North Korea benefits from loosely enforced sanctions, U.N. committee says

By Elizabeth Shim Contact the Author   |   Sept. 8, 2017 at 9:58 AM
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Sept. 8 (UPI) -- North Korea has been able to conduct multiple tests of ballistic missiles and carry out nuclear tests because it is able to circumvent loosely enforced sanctions, according to a South Korean television network.

MBC reported Friday the Kim Jong Un regime may be combining sophisticated methods of evading sanctions with a lack of commitment to sanctions enforcement, on the part of some countries, to earn as much as $265 million annually.

According to the United Nations Security Council Sanctions Committee on North Korea and its panel of experts, not enough is being done among U.N. member states to implement sanctions.

The committee arrived at the conclusion after studying the situation from late 2016 to the beginning of August 2017, according to the report.

Sanctions are being loosely enforced while North Korea's sanctions-evading techniques are improving, the committee said.

The lack of implementation is undermining the Security Council's attempts to pressure North Korea.

From late 2016 to the beginning of the last month, North Korea was able to export coal, iron and zinc, although the products are banned under sanctions resolutions.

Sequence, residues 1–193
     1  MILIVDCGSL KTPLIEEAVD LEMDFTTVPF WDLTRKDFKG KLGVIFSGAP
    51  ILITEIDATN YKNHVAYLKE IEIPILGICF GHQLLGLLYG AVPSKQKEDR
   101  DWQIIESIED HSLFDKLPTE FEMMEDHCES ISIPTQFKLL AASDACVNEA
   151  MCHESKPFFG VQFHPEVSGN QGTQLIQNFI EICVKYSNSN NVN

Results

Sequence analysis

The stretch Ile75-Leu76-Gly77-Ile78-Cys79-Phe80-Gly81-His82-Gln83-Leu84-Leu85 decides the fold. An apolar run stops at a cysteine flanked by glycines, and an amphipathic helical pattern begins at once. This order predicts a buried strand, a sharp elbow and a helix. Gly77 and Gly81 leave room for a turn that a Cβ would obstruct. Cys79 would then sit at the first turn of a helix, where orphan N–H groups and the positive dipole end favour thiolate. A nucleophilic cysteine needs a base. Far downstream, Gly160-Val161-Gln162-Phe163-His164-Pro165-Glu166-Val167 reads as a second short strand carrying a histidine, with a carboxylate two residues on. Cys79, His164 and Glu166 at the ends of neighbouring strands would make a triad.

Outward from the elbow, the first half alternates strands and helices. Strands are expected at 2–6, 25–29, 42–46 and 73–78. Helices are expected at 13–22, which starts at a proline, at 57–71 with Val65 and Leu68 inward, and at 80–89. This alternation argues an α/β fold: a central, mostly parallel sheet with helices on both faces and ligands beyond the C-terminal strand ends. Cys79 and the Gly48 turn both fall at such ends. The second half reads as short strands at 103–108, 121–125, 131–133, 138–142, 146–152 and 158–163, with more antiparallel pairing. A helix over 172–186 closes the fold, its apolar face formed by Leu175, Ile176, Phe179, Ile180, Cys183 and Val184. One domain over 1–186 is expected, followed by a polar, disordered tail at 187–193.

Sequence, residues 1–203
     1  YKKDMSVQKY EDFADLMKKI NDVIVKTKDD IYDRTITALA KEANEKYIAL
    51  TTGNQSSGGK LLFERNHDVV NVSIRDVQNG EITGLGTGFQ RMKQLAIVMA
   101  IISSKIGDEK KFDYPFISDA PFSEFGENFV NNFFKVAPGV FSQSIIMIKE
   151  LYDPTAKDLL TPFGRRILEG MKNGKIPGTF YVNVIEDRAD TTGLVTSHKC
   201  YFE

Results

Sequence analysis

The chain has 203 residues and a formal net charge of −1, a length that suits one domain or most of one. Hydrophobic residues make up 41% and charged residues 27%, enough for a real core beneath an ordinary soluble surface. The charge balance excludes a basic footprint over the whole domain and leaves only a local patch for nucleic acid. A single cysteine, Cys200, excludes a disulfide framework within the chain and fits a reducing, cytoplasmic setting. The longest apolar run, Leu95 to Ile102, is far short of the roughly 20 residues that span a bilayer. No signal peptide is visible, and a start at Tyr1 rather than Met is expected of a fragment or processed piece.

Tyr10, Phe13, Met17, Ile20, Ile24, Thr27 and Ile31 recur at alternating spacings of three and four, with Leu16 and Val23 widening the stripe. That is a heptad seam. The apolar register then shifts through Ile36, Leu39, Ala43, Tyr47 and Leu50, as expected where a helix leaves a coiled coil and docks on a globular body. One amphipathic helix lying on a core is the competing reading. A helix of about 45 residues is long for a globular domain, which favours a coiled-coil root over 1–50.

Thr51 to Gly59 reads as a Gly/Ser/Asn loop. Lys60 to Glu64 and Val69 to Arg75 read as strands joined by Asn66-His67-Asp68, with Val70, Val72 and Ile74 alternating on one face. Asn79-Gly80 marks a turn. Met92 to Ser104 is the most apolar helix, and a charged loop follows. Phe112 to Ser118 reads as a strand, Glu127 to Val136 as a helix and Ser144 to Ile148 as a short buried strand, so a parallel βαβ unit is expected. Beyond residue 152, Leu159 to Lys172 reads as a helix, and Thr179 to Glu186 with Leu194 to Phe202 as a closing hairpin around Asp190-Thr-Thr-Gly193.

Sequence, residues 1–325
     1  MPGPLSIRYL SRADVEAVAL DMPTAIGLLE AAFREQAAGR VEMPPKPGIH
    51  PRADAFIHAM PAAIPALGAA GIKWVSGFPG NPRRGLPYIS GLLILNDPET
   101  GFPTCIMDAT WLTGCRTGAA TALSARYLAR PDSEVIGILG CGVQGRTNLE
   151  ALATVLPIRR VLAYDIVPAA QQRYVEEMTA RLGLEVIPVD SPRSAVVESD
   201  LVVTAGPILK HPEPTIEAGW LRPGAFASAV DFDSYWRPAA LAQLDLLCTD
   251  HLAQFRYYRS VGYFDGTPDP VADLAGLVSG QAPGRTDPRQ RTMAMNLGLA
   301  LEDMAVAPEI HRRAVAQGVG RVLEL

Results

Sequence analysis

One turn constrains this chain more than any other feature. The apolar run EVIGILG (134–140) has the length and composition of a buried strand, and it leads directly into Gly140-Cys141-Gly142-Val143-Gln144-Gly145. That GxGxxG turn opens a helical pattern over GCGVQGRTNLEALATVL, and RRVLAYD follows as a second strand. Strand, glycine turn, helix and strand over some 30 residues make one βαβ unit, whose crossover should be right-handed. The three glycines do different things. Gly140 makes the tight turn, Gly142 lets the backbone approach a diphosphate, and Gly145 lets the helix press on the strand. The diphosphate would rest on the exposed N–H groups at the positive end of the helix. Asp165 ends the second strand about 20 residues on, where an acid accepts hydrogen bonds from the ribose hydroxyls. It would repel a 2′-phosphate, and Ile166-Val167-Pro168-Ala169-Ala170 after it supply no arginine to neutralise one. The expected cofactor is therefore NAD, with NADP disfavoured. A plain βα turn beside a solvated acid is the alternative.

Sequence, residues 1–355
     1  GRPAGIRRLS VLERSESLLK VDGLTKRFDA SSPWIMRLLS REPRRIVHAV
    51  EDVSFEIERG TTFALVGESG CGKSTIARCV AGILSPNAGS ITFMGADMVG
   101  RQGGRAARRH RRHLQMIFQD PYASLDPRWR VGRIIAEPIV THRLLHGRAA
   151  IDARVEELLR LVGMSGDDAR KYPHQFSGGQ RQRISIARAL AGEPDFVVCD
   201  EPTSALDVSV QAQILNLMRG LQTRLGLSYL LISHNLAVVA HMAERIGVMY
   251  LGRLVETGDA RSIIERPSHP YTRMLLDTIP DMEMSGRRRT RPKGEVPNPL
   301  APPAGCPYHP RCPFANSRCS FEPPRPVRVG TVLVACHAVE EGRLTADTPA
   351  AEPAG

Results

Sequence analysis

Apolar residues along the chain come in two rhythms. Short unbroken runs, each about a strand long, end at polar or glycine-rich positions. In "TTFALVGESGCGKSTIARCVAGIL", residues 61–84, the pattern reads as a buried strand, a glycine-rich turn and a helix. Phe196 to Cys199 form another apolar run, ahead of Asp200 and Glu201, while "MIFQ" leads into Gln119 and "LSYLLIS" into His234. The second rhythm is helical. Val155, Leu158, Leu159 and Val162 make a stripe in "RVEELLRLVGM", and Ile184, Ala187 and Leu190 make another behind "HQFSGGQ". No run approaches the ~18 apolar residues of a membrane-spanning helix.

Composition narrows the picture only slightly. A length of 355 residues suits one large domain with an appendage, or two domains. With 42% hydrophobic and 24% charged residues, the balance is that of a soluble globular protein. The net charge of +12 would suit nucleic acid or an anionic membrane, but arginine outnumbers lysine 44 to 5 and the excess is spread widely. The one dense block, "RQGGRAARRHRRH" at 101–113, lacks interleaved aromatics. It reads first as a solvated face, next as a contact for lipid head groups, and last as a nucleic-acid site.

North Korea exported $270 million of its natural resources to China during that period of time, according to the report.

The U.N. report also says investigation is ongoing into whether Korea Mining Development Trading Corp., or KOMID, was involved in the development of a Syrian science research center.

KOMID may be linked with the development of ballistic missiles and chemical weapons.

The U.N. committee also pointed out North Korea has handled the training of police and military in African countries, including Angola and Uganda.

North Korea may be involved in the development of Syria's surface-to-air Scud missiles.

Banks that appear to be operated by Chinese companies may also be owned by North Korea, according to MBC.

The panel of experts added some bank accounts in China, Singapore and the Middle East are operated by North Korean intelligence agencies.

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